MLive: Sen. Gary Peters wants to give students who default on private loans a second chance
LANSING, MI — College graduates who default on private student loans could get a second chance at a good credit score if legislation proposed by Sen. Gary Peters becomes federal law.
In an announcement at Michigan State University on Monday, Peters announced the introduction of the Fair Student Credit Act. The bill would allow students with private loans to have their default wiped from their credit report and their credit rehabilitated if they made a series of nine consecutive monthly payments.
It's a reintroduction of a bill Peters proposed as a member of the United States House of Representatives in 2013. He said it would give students with private loans the same opportunity for a new start after a default as students with federal loans.
"If someone has a government student loan (and default), they can be rehabilitated, but unfortunately the law does not allow that with private loans," Peters said.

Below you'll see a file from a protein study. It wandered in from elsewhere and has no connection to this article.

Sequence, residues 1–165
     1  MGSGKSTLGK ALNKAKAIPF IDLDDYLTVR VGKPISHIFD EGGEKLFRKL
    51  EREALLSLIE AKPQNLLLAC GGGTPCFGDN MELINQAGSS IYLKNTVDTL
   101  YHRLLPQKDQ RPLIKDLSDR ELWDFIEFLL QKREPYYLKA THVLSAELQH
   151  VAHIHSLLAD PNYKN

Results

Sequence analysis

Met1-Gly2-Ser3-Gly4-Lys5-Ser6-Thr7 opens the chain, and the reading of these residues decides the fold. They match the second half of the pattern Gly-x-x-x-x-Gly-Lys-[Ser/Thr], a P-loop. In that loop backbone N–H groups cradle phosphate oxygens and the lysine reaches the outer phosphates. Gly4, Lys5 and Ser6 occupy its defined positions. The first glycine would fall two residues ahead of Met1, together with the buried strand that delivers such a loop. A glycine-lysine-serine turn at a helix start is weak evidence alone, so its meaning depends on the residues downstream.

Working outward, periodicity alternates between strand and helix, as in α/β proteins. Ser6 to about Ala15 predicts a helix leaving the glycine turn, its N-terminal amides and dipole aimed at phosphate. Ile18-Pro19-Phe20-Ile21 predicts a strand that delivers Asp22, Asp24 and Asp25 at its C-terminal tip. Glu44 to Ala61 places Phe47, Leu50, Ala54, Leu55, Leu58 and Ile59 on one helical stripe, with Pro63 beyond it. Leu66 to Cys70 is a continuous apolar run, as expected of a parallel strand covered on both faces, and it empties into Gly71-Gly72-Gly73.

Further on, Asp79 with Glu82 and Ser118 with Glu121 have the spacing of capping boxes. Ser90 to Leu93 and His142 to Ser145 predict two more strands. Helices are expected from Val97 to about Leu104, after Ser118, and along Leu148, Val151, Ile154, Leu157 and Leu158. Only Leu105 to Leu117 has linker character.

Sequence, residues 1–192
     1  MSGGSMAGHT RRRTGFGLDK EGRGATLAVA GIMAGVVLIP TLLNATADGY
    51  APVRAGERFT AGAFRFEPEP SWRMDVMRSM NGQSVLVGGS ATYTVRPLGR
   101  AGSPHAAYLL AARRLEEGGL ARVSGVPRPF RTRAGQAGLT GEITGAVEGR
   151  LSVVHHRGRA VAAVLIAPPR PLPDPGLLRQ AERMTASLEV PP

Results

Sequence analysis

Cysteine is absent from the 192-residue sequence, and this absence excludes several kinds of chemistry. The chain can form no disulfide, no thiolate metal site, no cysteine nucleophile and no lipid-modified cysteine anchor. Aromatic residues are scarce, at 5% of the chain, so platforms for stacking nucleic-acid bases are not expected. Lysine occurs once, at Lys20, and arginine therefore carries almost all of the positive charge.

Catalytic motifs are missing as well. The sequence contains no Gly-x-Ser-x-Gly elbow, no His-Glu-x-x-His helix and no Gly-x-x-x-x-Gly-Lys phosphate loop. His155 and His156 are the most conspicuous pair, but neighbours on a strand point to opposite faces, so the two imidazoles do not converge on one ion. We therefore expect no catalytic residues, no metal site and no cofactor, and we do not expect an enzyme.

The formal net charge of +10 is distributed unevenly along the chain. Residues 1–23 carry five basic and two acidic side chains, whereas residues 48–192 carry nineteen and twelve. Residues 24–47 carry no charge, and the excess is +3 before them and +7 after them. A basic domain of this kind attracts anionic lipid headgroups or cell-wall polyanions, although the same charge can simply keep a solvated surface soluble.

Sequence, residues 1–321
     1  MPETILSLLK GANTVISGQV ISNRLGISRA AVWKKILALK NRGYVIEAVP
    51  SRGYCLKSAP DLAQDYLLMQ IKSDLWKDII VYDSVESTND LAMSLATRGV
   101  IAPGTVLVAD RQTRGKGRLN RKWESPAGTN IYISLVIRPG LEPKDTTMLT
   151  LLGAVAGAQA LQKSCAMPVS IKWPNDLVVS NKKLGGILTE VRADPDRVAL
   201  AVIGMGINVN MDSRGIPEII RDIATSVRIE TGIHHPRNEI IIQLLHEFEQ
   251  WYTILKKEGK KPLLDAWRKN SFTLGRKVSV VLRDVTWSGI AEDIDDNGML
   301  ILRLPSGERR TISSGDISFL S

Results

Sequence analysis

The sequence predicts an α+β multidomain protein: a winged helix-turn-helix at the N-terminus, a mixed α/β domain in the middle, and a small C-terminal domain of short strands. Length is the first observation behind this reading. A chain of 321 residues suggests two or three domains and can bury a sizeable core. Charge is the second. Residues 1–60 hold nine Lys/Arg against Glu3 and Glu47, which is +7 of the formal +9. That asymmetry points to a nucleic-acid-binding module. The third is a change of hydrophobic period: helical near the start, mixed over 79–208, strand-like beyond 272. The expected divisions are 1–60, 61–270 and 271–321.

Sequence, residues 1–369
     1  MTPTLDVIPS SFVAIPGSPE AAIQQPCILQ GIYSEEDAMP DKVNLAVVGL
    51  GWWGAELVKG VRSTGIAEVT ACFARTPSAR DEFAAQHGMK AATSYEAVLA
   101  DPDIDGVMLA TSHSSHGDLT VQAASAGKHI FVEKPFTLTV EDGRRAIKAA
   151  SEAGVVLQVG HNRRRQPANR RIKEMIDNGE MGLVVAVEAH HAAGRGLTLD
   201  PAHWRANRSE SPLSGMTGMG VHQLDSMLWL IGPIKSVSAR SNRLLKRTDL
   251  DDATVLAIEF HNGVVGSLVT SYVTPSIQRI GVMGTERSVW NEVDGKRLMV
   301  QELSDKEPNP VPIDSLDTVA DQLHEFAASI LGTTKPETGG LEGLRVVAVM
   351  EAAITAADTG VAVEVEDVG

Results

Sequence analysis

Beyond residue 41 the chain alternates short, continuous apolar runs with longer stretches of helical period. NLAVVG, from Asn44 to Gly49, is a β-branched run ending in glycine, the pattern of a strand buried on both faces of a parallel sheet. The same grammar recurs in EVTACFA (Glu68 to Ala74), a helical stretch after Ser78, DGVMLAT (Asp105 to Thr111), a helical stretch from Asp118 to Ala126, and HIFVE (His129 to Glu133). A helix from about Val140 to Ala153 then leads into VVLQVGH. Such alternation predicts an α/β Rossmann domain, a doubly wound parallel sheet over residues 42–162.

About 850,000 private student loans are in default, amounting to about $8 billion, Peters said.
The bill is aimed at students who are recent college graduates and may have trouble paying off their student loans immediately after graduation. Peters said many students may be actively looking for employment with no source of income, or have a low-paying first job that leaves them unable to make payments on their loans.
He said the nine-month period would allow borrowers who have defaulted to work themselves into a better situation in which to pay off their loan. The amount each student borrower would have to pay would be dependent on an agreement between the bank and the borrower, Peters said.
By: Kyle Feldscher
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